Germany lifts ban on Nazi imagery for gaming

Programs that prove ‘socially adequate’ relevance can include swastikas

Wolfenstein II: The New Colossus, August 13, 2018. (photo credit: BETHESDA SOFTWORKS)
Wolfenstein II: The New Colossus, August 13, 2018.
(photo credit: BETHESDA SOFTWORKS)
The German software regulator has announced that it is loosening restrictions on using Nazi emblems in video games.
Instead of a blanket ban, the Entertainment Software Self-Regulation Body, abbreviated in German as USK, said last week that such symbols – including the swastika – would be allowed in context. The German legal code outlaws “use of symbols of unconstitutional organizations” which includes the swastika, the Celtic cross and many other SS insignia.
From now on, the exception granted to films and TV shows will be extended to video games as well.
“Thus, computer and video games may be given a rating by the USK if the use of symbols of unconstitutional organizations is assessed as socially adequate,” said USK managing director Elisabeth Secker. “In this context, ‘socially adequate’ means that [a symbol] ... can be used if it serves an artistic or scientific purpose or helps depict current events or history.”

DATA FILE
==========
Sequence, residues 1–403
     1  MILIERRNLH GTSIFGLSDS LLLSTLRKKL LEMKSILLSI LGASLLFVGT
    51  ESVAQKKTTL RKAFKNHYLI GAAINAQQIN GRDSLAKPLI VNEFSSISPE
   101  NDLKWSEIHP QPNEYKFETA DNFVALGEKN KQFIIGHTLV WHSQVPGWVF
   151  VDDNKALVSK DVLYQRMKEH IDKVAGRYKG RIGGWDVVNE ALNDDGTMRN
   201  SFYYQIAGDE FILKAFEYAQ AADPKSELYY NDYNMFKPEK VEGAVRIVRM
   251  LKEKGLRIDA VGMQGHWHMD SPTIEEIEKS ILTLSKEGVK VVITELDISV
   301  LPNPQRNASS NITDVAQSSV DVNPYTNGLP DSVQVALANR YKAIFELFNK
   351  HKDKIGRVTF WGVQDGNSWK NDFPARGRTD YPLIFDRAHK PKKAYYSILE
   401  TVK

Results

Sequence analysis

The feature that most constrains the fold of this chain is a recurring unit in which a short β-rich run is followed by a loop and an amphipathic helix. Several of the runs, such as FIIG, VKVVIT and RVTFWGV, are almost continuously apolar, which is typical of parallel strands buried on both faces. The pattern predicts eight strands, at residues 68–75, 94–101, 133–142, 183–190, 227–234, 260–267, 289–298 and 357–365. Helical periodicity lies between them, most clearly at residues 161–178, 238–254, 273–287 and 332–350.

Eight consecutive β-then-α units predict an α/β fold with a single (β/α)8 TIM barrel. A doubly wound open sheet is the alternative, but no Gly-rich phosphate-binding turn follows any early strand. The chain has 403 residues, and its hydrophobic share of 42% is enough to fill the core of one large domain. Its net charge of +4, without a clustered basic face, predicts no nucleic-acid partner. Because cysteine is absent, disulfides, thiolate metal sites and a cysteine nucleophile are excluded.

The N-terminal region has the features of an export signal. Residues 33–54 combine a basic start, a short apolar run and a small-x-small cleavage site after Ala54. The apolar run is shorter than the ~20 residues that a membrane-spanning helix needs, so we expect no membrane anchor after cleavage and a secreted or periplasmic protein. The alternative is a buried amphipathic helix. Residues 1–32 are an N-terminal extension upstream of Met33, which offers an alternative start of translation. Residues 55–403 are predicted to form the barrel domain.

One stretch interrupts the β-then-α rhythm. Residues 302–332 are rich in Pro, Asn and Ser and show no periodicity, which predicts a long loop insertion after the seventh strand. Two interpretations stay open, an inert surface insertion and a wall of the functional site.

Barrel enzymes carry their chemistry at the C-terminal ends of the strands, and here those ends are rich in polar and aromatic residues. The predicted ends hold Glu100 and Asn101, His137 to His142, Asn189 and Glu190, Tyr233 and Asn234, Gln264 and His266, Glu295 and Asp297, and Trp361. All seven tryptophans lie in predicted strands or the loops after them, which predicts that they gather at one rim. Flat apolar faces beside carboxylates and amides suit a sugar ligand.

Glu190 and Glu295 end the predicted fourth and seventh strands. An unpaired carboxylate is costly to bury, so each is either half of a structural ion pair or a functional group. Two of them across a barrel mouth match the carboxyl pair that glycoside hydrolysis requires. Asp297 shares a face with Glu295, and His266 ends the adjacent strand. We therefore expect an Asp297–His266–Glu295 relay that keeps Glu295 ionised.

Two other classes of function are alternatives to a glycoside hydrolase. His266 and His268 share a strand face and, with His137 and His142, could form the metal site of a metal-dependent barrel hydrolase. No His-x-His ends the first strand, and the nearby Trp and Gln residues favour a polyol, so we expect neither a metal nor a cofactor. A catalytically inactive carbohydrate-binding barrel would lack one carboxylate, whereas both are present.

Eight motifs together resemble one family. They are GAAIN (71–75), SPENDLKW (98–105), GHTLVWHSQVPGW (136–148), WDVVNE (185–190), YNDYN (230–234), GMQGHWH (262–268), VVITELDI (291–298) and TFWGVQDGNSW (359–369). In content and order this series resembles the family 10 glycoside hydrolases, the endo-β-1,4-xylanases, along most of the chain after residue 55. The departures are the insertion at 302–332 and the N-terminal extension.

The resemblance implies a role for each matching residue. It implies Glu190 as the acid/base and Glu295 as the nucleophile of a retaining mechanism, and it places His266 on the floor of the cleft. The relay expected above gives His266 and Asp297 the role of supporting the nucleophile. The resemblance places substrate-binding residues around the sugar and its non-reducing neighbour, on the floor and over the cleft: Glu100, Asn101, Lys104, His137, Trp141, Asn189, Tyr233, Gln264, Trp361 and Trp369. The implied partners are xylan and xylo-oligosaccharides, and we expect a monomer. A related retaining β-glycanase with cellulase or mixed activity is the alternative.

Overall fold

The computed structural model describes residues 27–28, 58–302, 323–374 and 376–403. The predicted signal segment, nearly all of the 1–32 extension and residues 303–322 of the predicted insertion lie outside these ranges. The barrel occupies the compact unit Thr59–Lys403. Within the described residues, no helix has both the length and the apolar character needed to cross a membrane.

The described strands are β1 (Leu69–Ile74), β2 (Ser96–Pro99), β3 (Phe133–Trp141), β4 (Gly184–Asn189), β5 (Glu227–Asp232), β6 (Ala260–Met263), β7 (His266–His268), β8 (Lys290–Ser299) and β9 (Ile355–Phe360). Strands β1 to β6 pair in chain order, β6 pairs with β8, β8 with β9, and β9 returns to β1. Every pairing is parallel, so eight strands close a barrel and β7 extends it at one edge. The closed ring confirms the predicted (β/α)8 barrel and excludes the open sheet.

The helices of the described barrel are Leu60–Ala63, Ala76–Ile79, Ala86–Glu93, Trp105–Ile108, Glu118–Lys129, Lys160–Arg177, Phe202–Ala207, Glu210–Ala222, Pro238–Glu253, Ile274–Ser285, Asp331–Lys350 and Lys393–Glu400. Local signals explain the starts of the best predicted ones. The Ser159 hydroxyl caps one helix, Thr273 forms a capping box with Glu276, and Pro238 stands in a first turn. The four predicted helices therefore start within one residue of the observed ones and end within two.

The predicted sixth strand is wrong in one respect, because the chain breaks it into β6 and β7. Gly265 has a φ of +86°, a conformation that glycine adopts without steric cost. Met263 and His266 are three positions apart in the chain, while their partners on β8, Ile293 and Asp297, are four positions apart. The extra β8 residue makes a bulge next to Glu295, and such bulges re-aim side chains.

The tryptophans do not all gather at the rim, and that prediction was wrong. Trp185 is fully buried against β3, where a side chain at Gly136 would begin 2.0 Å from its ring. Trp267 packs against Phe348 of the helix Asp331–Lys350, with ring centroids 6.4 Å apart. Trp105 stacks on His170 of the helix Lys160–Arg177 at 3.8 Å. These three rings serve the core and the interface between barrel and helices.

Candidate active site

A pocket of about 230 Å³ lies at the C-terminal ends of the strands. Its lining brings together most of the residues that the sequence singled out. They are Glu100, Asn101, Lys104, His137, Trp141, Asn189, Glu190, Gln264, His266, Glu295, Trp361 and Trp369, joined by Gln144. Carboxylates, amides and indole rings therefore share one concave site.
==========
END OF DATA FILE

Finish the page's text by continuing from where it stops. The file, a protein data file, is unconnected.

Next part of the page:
Secker added that games which clearly express opposition to such organizations could be considered “socially adequate.”
The rule change comes after a controversy earlier this year over the video game “Wolfenstein II: The New Colossus.” The game takes place in a fictional 1961 Germany after the Nazis won World War II. In Germany, the game was released with certain changes made, including removing Hitler’s mustache and replacing the swastikas with a different symbol.
“This new decision is an important step for games in Germany,” said Felix Falk, managing director of GAME – the German Games Industry Association – in a statement. “We have long campaigned for games to finally be permitted to play an equal role in social discourse, without exception... Many games produced by creative, dedicated developers address sensitive topics such as the Nazi era in Germany, and they do so in a responsible way that encourages reflection and critical thinking.”